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Flexibility and uncertainty in agribusiness projects: investing in a cogeneration plant.

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Author(s): Augusto Cesar Arenaro e Mello Dias | Carlos de Lamare Bastian-Pinto | Luiz Eduardo Teixeira Brandão | Leonardo Lima Gomes

Journal: Revista de Administração Mackenzie
ISSN 1518-6776

Volume: 12;
Issue: 4;
Start page: 105;
Date: 2011;
Original page

Keywords: Bioelectricity | Cogeneration | Real options | Flexibility | Mean reversion.

ABSTRACT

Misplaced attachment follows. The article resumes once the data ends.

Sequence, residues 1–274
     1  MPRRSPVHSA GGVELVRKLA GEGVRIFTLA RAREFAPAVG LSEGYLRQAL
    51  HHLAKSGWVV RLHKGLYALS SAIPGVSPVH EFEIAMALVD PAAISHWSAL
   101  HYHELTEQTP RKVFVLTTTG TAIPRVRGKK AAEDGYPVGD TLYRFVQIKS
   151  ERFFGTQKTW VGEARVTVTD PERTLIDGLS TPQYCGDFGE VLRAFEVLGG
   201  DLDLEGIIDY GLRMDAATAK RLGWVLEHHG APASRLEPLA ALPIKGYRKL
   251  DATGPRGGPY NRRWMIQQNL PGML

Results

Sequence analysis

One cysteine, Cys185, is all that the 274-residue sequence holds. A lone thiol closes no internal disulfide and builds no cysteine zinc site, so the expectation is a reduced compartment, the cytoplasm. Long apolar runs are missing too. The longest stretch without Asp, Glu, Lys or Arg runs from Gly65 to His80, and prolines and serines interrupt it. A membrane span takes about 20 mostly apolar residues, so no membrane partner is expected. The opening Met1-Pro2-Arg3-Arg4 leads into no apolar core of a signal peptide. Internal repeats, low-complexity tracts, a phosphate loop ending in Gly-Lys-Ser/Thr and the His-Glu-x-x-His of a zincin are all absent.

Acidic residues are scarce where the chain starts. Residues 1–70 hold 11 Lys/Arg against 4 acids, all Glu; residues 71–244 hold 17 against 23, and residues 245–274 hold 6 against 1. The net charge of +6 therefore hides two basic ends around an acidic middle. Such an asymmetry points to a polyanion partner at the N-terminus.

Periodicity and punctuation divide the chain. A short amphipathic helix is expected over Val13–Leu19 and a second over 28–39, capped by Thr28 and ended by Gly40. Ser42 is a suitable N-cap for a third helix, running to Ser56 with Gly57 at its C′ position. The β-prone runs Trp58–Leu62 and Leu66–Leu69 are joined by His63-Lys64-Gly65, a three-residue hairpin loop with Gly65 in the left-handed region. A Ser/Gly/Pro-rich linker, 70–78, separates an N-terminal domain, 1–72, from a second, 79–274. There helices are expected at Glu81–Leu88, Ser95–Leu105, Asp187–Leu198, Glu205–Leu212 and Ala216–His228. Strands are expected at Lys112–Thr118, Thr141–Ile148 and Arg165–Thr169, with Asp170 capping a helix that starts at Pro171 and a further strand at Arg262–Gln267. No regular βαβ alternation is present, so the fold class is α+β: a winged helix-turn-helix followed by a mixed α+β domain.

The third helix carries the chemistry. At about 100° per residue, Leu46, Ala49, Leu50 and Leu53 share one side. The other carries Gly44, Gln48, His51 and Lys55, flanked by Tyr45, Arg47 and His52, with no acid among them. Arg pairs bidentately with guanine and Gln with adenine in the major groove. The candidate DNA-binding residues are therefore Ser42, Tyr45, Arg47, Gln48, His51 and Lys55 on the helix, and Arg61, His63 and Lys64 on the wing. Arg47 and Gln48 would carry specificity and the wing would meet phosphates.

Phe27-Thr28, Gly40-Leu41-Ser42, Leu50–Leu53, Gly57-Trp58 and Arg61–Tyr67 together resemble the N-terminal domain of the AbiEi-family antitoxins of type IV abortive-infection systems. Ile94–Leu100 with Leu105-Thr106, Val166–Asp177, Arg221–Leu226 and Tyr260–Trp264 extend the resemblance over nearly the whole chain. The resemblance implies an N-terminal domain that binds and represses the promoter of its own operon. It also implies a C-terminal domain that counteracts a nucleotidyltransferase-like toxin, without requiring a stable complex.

Energy generation from biomass has become a source of increasing interest due to growing environmental concerns and the depletion of the world’s fossil fuel reserves. In this paper we analyze a sugar and ethanol producing plant in Brazil which has both the option to expand and to add a cogeneration unit to allow the sale of surplus energy, generated by burning sugar cane bagasse, where the existence of the second option is conditional to the exercise of the first option. We model sugar, ethanol, and electricity prices as geometric mean reverting processes and apply the real options approach to determine the value of these managerial flexibilities, considering that these options have three distinct underlying assets. The option to expand production is a function of the expected future prices of sugar and ethanol, while, on the other hand, the decision to invest in the cogeneration plant will depend on the future prices of energy. Both decisions are modeled as American Compound Options over their respective underlying assets. The model is then solved using the non-censored binomial mean reverting lattice proposed by Bastian-Pinto, Brandão, and Hahn (2010) using the software DPLTM. The results indicate that a significant value can be derived from the flexibility to choose the optimal timing of investment in both options: the investment in the cogeneration unit adds an amount equivalent to the value of the expanding sugar and ethanol production, and represents up to 44% of the project’s static NPV of R$ 195.9 million. We conclude that given that only half of the sugar cane crushing mills currently have cogeneration units installed and given the increasing demand for clean and renewable sources of energy, this may indicate there is a significant potential for investment and further development of bioelectricity cogeneration power plants, and even in the retrofit of older cogeneration units, and that government incentives have been effective in contributing to this development.
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